EXCLUSIVE: 911 call reveals new details in fatal Shelby Co. car chase

EXCLUSIVE: 911 call reveals new details in fatal Shelby Co. car chase

Investigators on Wednesday released the 911 call that led to a deadly car chase Sunday. 39-year-old Jonathan Swindle was shot by law enforcement after hitting a state trooper with a stolen truck.

On Monday there were rumors circulating that Swindle had been naked when all of this happened. Investigators confirmed that Wednesday, saying it plays into a theory they have on what caused Swindle to act the way he did--involving drugs that are becoming more common and more dangerous in Shelby County.

"Shelby County 911," the dispatcher said on the call.

"Yes ma'am, I need a deputy to come over here to my house," the caller said.

"Okay what's going on?" the dispatcher asked.

"Got somebody walking around my house taking his clothes off," the caller said. "I don't know what his problem is."

Shelby County Sheriff's Investigator D.J. Dickerson and Center Police Detective David Haley said Swindle's behavior was exactly like someone who's on the drug PCP.

"They just decide to take all their clothes off so they can try to cool down. And mainly, that's the number one thing you see with PCP users," Dickerson said.

Dickerson and Haley have been fighting against what they said is a new stronger version of the drug--which gives people super-human strength and convinces some of them that they're God.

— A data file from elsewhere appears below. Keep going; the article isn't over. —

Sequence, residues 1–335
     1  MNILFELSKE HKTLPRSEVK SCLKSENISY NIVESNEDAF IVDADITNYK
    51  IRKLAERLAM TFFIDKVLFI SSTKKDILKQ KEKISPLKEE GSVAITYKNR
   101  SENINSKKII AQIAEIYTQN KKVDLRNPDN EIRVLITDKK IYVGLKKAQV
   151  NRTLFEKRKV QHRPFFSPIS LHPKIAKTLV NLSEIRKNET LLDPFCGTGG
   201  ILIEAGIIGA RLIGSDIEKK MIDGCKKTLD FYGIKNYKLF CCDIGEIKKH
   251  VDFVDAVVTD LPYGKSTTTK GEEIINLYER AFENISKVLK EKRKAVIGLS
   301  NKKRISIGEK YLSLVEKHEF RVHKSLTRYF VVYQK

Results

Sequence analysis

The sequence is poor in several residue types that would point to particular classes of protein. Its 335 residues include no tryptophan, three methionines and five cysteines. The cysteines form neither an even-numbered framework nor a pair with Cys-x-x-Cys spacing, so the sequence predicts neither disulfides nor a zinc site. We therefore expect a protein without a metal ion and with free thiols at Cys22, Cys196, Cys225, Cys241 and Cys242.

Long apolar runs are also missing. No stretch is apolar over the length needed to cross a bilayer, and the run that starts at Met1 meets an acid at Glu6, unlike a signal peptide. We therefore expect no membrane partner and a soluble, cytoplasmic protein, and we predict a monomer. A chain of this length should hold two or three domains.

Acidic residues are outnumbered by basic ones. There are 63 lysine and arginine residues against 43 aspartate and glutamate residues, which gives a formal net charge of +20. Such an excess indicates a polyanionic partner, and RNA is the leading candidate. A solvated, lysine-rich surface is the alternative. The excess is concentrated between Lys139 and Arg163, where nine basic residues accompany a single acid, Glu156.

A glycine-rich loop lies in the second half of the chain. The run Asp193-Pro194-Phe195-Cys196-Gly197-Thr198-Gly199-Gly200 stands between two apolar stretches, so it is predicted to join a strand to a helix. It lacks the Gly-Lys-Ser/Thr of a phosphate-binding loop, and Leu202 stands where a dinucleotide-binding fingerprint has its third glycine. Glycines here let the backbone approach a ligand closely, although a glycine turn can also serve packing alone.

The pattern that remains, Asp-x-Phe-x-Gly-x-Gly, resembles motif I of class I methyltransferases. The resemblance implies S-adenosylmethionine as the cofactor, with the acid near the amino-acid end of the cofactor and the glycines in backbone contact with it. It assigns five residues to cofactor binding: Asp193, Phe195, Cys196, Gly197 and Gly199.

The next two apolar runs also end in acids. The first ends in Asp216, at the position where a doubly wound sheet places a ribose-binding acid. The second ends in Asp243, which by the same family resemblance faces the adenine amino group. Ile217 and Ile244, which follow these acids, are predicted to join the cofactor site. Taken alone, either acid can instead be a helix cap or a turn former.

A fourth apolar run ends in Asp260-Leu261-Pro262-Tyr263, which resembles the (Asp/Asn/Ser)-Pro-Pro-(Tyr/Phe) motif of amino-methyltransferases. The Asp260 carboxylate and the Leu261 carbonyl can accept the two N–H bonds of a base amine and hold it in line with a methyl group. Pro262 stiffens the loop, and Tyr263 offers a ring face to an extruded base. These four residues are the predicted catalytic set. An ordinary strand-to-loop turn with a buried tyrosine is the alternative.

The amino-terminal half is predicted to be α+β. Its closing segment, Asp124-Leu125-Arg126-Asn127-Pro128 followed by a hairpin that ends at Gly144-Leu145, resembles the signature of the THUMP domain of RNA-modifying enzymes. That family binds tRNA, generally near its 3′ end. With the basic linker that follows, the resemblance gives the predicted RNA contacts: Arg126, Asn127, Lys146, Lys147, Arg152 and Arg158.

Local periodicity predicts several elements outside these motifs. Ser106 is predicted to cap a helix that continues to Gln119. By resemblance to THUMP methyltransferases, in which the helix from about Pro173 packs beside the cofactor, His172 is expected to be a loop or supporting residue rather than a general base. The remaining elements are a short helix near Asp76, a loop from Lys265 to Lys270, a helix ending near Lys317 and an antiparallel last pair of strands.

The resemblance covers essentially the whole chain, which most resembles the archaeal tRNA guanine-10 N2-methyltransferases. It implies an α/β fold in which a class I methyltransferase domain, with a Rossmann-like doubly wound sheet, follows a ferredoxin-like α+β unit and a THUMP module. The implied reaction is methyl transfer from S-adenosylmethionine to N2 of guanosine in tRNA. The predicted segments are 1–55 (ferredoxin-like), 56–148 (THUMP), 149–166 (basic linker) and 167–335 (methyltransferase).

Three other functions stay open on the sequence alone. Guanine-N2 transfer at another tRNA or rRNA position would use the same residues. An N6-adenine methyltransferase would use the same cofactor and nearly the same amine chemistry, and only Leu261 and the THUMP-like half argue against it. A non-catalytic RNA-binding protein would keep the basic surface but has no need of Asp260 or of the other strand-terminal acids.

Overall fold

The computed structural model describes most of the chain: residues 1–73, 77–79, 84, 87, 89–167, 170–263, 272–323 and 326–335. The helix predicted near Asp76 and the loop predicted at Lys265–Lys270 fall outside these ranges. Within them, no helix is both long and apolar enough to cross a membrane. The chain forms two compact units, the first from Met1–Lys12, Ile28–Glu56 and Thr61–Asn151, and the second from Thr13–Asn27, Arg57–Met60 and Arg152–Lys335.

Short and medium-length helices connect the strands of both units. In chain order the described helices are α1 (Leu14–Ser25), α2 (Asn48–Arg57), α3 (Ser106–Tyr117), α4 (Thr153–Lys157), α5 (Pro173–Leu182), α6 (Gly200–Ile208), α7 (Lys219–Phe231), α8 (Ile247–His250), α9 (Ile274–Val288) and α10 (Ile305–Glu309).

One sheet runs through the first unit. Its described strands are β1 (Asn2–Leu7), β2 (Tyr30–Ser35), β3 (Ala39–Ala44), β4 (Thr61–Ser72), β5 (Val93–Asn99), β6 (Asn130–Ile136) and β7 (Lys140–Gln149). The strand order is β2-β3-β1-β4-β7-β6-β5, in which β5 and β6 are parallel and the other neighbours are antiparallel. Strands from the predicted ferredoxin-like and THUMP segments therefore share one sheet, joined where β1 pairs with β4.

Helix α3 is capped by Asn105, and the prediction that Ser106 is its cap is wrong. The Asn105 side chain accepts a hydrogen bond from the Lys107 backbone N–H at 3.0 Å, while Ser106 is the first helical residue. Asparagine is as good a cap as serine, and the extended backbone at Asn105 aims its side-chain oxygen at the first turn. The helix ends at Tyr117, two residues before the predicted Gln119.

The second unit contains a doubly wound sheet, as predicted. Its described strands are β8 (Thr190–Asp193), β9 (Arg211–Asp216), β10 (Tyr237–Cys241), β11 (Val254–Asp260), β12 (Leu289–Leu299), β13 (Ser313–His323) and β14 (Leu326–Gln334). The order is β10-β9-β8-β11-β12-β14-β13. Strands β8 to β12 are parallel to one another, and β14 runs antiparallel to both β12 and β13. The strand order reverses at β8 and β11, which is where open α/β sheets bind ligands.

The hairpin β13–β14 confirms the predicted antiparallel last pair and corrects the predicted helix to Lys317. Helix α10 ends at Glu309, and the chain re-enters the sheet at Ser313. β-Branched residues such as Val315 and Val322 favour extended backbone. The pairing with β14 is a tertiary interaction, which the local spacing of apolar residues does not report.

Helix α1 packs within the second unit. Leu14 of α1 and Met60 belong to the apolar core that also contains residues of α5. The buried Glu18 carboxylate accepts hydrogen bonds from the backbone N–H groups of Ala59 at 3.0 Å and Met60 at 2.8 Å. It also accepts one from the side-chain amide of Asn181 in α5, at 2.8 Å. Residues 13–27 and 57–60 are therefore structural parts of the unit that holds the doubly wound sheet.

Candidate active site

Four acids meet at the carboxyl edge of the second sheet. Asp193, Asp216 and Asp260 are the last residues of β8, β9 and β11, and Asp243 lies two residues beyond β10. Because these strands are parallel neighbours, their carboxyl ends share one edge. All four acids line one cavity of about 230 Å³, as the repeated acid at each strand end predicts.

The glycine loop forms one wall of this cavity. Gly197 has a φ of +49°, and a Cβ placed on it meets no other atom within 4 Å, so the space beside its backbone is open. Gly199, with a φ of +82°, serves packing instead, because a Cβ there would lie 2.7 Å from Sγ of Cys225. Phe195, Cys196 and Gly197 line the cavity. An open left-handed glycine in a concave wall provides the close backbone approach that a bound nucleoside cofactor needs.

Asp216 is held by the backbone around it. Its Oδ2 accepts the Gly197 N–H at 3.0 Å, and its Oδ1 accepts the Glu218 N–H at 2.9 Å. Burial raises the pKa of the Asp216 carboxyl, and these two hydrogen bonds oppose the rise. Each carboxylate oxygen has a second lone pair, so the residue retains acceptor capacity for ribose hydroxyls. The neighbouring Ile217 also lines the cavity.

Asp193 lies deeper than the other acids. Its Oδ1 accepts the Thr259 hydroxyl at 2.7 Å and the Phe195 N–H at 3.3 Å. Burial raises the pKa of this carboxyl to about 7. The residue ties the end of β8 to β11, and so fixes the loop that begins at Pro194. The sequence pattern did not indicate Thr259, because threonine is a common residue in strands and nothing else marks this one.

"They see you as a demon, which really intensifies it because now, in their mind, they have to destroy you," Dickerson said.

"They are so unpredictable when they're on PCP," Haley said. "I mean they can be calm one minute and the next second they're violent."

When the truck was speeding toward the pasture where the shooting occurred, investigators said Swindle swerved, and that the move was wild enough to hit a trooper named Zach Mills who wasn't even in the road. Mills remained hospitalized Wednesday afternoon.

Swindle's friends and family said he was unarmed.

"It was just cold-blooded murder," Swindle's friend Shelia Cartwright said Monday. "That's what it is."

But as troopers, deputies and officers faced the naked driver, they said they were facing someone much more dangerous.

An autopsy will have to confirm--or deny--the presence of PCP in Swindle's system at the time of death.


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